Intel’s P35 chipset was only just released, but ASUS already has seven motherboards which utilize it. We are taking a look at one of their top models, the P5K3 Deluxe. This board utilizes DDR3 memory and has WiFi capabilities built-in. It also turns out to be a great overclocker.
Futuremark has long offered benchmarking tools to enthusiasts that allow them to gage their systems worth. There is a lot of skepticism revolving around the importance of the overall scores, but we enjoy running them because it’s a quick fix to see differences between platforms. Real world benchmarks are by far more important, and we will cover those on the next few pages.
Although old, 3D Mark 2001 proves a good benchmark to evaluate your systems overall performance. In 2000, this benchmark really stressed whatever GPU you owned, but today the GPU hardly comes into the equation. What does help you achieve a higher score is faster CPU and memory frequencies.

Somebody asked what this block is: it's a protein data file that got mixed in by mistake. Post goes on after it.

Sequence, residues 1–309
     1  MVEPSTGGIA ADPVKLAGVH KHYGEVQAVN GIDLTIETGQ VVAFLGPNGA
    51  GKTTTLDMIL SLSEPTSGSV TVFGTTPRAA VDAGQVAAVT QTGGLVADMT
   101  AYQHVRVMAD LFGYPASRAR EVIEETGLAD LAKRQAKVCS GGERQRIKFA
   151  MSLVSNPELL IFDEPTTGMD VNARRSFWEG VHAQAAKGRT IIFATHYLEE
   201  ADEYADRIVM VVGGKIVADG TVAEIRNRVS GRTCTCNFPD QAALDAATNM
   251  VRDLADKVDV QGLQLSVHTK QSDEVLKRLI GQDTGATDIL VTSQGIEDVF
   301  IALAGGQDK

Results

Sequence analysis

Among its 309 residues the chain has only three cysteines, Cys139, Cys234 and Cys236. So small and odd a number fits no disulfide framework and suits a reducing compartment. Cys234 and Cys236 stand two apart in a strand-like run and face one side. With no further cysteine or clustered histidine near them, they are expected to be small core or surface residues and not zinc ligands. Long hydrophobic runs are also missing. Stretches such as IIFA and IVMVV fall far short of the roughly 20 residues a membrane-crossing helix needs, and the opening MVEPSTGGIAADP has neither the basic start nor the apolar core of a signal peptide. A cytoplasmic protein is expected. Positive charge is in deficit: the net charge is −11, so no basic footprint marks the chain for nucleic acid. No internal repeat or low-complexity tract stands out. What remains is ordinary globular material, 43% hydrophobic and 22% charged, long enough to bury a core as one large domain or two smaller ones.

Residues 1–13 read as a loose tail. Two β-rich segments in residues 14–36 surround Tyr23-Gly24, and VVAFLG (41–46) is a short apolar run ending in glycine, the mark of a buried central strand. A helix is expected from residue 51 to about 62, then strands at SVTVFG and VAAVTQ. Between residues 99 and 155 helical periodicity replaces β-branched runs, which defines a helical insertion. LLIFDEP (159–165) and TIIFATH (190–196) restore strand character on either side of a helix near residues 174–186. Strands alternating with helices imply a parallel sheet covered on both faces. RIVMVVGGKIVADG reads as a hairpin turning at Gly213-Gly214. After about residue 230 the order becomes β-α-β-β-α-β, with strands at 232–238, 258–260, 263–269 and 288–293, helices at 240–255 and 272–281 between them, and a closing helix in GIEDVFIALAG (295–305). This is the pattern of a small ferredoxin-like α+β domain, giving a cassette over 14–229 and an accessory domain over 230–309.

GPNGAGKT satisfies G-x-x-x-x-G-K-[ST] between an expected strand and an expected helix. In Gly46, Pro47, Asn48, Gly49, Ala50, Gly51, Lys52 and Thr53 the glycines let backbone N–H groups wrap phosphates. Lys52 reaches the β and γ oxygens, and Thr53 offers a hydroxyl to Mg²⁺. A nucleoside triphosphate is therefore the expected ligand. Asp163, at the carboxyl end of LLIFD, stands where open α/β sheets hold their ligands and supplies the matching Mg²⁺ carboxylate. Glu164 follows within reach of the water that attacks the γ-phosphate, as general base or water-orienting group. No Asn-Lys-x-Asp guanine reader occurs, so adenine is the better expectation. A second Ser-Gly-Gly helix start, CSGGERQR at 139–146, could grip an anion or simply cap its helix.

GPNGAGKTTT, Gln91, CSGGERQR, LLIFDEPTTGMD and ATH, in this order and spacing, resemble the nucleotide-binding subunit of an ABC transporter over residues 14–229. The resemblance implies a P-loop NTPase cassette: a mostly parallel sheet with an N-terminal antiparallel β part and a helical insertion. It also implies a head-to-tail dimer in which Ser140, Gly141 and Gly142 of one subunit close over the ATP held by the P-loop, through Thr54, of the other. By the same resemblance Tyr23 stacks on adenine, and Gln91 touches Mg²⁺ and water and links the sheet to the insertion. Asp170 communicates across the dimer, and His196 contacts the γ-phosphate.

Thanks to the faster memory, the P5K3 lead the pack here.
3D Mark 2006 tests your system in a similar manner that 2001 does, except this updated version actually does bottleneck on your GPU. The faster the GPU, the better the score. Multi-core processors also help greatly improve your scores here.
Once again, the P5K3 delivered a slightly higher score than the others. Although it’s small, it’s an interesting increase given the fact that the only real difference was the motherboard. It could also be thanks to the faster memory, and even though it has far more loose timings than what we would see on DDR2, it still is mighty fast.
PC Mark is somewhat similar to SYSmark, which we discussed on the previous page. The difference is that PC Mark focuses more on synthetic benchmarking schemes, such as disk access and multi-tasking. Very little of the entire test will be seen by you though, as it all goes on behind the scenes.
I guess it is not so much of a surprise that the P5K3 took the top spot once again. I am unsure whether this is thanks to the P35 chipset or DDR3 frequencies, but I will understand this more once I acquire a second P35 DDR3 board.
With these synthetic benchmarks out of the way, lets move onward to some real-world multi-media tests.